Creating Global Composites from multiple satellites.

With more and more geosynchronous satellites being placed in orbit, and with more and more individuals and groups devising ways to receive and decode the transmissions from these satellites, the possibility for the amateur to truly capture the entire earth is now a reality. The global community of dedicated and resourceful satellite enthusiasts really exemplifies, how, folks from many different countries and backgrounds can work together and share expertise, knowledge, equipment, and now satellite imagery. While long the purview of government organizations such as NOAA (which shares data for free), and others such as EUMETSAT (which typically charge a subscription fee) anyone just about anywhere has readily accessible global satellite imagery via the internet.

While not new, compositing imagery from other users had typically been done through polar-orbiting satellites using software such as WxtoImg to create pieced together composites from receivers all over the world. Also, sites such as AMIGOS allow users, with a bit more effort, to composite Meteor Imagery into larger composites.

Now with other satellite enthusiasts sharing their imagery, along with the ability to receive your own imagery, these images can all be put together, by amateurs, a home, to render the entire planet as viewed from geostationary orbits.

In my case, with my two receiving dish stations, I have the ability to receive GOES 16 and 17, in HRIT, and GOES-17 Relays HIMAWARI-8 imagery as well. (Note: I also receive GOES 15 when it is taken out of on-orbit storage and place on active status.) That gives me coverage of around 2/3 of the planet, running from roughly the Western Sahara to Malaysia and Australia. But when the full disk is projected into an equirectangular projection gaps are left in the northern and southern parts of the earth, shown in this example using just GOES 16, 17, Himawari-8 and EWS-G1. showing the missing areas in red.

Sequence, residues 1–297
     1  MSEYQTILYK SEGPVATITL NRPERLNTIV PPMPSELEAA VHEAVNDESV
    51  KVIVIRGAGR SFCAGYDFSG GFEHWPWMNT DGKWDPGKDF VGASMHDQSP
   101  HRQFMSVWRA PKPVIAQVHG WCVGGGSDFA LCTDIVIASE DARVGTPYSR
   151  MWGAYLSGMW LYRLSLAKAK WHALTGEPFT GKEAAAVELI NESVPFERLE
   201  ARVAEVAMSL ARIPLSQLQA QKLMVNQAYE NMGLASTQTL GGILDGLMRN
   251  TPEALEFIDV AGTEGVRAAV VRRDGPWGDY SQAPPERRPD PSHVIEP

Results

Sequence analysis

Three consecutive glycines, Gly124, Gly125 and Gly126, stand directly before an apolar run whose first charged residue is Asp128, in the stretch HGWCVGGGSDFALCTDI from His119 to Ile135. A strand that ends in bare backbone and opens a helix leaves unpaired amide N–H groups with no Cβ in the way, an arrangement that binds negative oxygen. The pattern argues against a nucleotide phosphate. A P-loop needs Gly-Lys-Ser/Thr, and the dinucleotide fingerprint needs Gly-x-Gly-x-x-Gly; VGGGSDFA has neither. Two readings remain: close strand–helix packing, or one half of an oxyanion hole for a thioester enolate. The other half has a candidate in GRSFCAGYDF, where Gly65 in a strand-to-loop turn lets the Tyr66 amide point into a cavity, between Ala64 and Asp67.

Note that the EWS-G1 imagery comes from a collaborative effort between @ZSztanga (who receives the imagery) and @aang254 (who wrote the decoder) As of this writing, I believe this is the only source of EWS-G1 imagery outside of NOAA and the US Military!

So, How to fix this? We need more satellite coverage. I am going to use imagery from the Russian Electro L2 Geostationary Satellite that they share on http://electro.ntsomz.ru/ and Geo Kompsat 2-A, that I get from a friend with a receiving station in the Philipines.

In the picture below I have identified by color, the primary coverage of each satellite. Remember, there is quite a bit of overlap between each satellite.

With these 6 satellites I create the Geo-Ring composite shown below:

Here is the basic work flow for how I create the global composite.

  1. Gather IR imagery from the same time frame, within about 30 minutes. I use Band 13 from GOES 16 and 17, Himawari 8 Band 4 IR, EWS-G1 band 4, ElectroL2 Band 4 and GK2A channel 4.
  2. Then Sanchez is used to stitch and recomposite the imagery into one global view.
    using this basic structure: F:/Sanchez/Sanchez.exe” reproject -s “F:\GEORING\*.*” stitch -T 2021-02-12T13:00:00 -S 0.8 -f -u “F:\Sanchez\Resources\xplanet2.jpg” -v –nocrop -r 2 -o “F:\Satelliteoutput\GEORING_DayNight.jpg”
  3. I chose not to auto crop my imagery, as I do some post-processing and also create 3D imagery as well, Shown here: 3D imagery from received data
  4. In the example above, in my script, I use xplanet to generate a true color underlay to match the time of the satellite imagery to give and day/night image.

In post-processing, I use three.js processing to turn the rendered image back into a 3-dimensional globe. The first image uses the colored representation to show the satellite coverage.

A big beachball!

This second image shows the imagery rendered onto a three-dimensional globe using three.js